Looking at our heritage, the company consistently enjoyed good successes in terms of being a great place to work, and the Austrian affiliate was awarded in 2010 as a great place to work by the Great Place to Work institute. It is an important part of AbbVie’s vision that we want to have innovative products above and beyond the norm, understanding the diseases and needs of the patient. We will only achieve this if we have the best talent and most ambitious people who are ready to join the journey of work that AbbVie offers. That is AbbVie’s commitment as an employer, creating passion for the work we do, as an organization we – this also includes our employees – work in cross-functional teams.

Historically, partnerships, acquisitions, and spinoffs have been fundamental to the company’s growth. What have been some of the most important partnerships that you have established here, and will you expect growth in the future to be organic or non-organic?

AbbVie has a very good setup with its current pipeline for organic growth. Austria has an interesting local biotech cluster scene.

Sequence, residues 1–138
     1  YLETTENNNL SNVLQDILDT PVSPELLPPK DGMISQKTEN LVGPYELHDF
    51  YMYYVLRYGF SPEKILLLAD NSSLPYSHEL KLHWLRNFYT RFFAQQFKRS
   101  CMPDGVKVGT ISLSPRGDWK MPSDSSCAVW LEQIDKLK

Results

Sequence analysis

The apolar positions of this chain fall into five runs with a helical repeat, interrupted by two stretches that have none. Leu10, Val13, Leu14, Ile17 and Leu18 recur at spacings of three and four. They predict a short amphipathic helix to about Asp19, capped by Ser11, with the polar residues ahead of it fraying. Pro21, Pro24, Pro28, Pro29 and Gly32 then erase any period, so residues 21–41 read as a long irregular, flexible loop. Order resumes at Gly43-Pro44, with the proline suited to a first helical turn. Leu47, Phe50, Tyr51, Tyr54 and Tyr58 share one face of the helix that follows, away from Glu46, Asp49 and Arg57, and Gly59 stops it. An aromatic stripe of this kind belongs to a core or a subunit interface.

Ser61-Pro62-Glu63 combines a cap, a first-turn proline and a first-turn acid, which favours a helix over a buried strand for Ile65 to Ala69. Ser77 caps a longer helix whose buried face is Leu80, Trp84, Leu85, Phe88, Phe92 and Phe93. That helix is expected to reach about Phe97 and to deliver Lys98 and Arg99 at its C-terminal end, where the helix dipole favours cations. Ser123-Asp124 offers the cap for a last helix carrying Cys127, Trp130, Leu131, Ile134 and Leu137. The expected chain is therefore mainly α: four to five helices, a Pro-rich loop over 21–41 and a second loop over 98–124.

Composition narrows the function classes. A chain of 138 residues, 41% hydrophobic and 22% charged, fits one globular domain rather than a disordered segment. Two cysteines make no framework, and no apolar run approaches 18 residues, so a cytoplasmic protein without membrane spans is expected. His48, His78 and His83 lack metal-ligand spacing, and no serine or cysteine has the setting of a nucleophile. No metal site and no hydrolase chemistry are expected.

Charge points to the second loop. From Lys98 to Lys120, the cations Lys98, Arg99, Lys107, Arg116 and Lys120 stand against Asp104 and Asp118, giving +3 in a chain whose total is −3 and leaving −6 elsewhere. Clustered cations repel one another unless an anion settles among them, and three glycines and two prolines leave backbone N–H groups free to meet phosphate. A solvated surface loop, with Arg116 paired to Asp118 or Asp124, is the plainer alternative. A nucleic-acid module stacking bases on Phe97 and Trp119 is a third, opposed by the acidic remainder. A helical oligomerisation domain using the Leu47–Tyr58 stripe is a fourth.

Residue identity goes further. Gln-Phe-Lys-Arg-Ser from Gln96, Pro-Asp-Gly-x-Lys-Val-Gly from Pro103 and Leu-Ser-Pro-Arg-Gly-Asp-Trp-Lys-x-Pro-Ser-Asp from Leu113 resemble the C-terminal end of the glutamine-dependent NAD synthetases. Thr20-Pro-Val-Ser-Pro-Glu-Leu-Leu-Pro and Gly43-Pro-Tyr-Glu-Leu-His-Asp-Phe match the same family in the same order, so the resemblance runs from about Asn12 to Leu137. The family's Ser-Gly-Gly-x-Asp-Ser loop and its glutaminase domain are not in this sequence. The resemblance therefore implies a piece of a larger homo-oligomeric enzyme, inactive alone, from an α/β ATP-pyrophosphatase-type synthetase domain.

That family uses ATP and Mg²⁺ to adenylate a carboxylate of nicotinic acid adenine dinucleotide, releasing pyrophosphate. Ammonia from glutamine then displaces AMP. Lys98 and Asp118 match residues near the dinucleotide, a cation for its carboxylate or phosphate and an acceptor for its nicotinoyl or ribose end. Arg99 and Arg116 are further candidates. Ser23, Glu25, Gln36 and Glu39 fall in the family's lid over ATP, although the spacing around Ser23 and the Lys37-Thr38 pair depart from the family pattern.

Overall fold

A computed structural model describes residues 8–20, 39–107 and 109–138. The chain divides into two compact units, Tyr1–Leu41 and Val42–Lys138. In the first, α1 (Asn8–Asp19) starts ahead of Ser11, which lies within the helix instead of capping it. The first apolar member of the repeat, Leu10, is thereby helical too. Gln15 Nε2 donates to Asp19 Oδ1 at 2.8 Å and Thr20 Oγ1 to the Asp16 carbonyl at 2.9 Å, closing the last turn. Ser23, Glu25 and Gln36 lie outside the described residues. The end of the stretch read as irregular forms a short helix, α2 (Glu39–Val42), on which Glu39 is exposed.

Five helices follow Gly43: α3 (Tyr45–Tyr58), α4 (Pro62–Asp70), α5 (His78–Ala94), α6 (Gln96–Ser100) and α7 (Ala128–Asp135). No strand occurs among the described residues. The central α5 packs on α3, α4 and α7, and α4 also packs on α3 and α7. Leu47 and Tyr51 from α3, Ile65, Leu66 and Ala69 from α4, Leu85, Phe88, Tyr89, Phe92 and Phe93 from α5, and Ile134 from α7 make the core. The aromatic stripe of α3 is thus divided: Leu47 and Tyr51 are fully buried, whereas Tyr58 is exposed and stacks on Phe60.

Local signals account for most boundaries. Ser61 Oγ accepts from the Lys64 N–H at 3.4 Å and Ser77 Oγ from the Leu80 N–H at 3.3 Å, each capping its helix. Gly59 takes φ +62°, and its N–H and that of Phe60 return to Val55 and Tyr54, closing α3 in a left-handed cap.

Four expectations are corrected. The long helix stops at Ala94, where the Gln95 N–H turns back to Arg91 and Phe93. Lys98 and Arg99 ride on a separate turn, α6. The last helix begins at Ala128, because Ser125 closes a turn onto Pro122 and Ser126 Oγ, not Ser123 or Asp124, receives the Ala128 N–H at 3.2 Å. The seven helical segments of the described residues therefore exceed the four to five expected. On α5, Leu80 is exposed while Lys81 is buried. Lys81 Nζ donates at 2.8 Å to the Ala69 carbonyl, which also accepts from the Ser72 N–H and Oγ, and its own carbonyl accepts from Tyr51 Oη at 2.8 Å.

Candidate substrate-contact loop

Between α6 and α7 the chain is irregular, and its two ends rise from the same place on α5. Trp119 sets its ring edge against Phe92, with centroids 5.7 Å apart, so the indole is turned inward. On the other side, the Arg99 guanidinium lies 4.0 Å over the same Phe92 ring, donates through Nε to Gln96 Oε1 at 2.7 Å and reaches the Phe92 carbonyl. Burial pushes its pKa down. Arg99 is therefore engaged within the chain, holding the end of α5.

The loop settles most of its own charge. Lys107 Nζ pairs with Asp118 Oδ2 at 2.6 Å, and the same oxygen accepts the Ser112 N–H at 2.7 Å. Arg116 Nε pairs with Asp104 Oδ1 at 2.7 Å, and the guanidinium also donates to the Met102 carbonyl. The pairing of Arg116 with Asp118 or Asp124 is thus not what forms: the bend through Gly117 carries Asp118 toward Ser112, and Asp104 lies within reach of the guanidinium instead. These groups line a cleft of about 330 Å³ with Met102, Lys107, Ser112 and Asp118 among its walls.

A couple of our interviewees have talked about the cross-culture of working for an American company. How have you found the culture of working for Abbott/AbbVie, and have you adapted your management style at all as a result?

AbbVie is a very international organization. It has an extremely diversified management team in terms of nationalities. The steps we have made to develop the company further in terms of being more patient-centric, disease-focused and cross-functional are the strongest elements that unify the company.

If we were to return to Austria in three to four years, what would you like to have achieved with AbbVie and where can we find you?

I would like to have conducted even more projects and taken opportunities in a way that has made a stronger difference to patients and for the healthcare system in the areas we serve by providing innovative products. I am very proud of those steps that have been established by people within AbbVie, bringing together and working with stakeholders and setting up topics that significantly contribute to the Austrian healthcare system and Austrian patients. It is great to see that this is possible and AbbVie is often just the place to bring certain stakeholders together who then create new ideas for the benefit of the whole system. That is really my ambition. I would like to see more of that, and be even more proud of what our people in Austria have achieved in that context.